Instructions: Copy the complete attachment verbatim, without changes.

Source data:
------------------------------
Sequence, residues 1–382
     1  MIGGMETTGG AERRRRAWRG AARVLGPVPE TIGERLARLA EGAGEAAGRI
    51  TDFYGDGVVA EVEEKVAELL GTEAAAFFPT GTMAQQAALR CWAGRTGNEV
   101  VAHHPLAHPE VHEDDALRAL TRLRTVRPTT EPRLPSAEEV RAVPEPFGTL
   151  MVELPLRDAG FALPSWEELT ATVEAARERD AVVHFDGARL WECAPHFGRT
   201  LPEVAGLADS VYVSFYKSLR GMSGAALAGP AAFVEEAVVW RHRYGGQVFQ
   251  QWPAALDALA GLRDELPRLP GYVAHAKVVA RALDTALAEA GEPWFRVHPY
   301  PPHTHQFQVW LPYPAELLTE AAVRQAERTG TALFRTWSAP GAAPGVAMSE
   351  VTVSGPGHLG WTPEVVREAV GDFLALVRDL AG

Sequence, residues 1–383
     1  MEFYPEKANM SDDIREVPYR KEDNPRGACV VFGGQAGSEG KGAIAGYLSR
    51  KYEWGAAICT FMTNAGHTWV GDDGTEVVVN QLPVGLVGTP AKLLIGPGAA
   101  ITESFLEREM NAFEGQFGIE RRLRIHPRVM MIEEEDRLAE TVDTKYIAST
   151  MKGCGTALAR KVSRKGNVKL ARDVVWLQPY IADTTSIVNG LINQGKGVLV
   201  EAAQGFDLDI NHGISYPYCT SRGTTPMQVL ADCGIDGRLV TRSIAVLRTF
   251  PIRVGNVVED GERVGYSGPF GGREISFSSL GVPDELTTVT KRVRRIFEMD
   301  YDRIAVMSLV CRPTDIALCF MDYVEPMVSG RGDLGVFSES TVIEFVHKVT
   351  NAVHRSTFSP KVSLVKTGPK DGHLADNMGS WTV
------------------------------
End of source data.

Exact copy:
Sequence, residues 1–382
     1  MIGGMETTGG AERRRRAWRG AARVLGPVPE TIGERLARLA EGAGEAAGRI
    51  TDFYGDGVVA EVEEKVAELL GTEAAAFFPT GTMAQQAALR CWAGRTGNEV
   101  VAHHPLAHPE VHEDDALRAL TRLRTVRPTT EPRLPSAEEV RAVPEPFGTL
   151  MVELPLRDAG FALPSWEELT ATVEAARERD AVVHFDGARL WECAPHFGRT
   201  LPEVAGLADS VYVSFYKSLR GMSGAALAGP AAFVEEAVVW RHRYGGQVFQ
   251  QWPAALDALA GLRDELPRLP GYVAHAKVVA RALDTALAEA GEPWFRVHPY
   301  PPHTHQFQVW LPYPAELLTE AAVRQAERTG TALFRTWSAP GAAPGVAMSE
   351  VTVSGPGHLG WTPEVVREAV GDFLALVRDL AG

Sequence, residues 1–383
     1  MEFYPEKANM SDDIREVPYR KEDNPRGACV VFGGQAGSEG KGAIAGYLSR
    51  KYEWGAAICT FMTNAGHTWV GDDGTEVVVN QLPVGLVGTP AKLLIGPGAA
   101  ITESFLEREM NAFEGQFGIE RRLRIHPRVM MIEEEDRLAE TVDTKYIAST
   151  MKGCGTALAR KVSRKGNVKL ARDVVWLQPY IADTTSIVNG LINQGKGVLV
   201  EAAQGFDLDI NHGISYPYCT SRGTTPMQVL ADCGIDGRLV TRSIAVLRTF
   251  PIRVGNVVED GERVGYSGPF GGREISFSSL GVPDELTTVT KRVRRIFEMD
   301  YDRIAVMSLV CRPTDIALCF MDYVEPMVSG RGDLGVFSES TVIEFVHKVT
   351  NAVHRSTFSP KVSLVKTGPK DGHLADNMGS WTV